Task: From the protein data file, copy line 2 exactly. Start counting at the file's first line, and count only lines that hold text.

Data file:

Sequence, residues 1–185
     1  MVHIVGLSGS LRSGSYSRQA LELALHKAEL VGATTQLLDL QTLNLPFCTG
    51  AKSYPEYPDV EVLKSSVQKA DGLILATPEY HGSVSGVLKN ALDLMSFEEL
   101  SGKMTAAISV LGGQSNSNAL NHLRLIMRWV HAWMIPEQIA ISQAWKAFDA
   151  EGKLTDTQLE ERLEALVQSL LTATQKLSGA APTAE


     1  MVHIVGLSGS LRSGSYSRQA LELALHKAEL VGATTQLLDL QTLNLPFCTG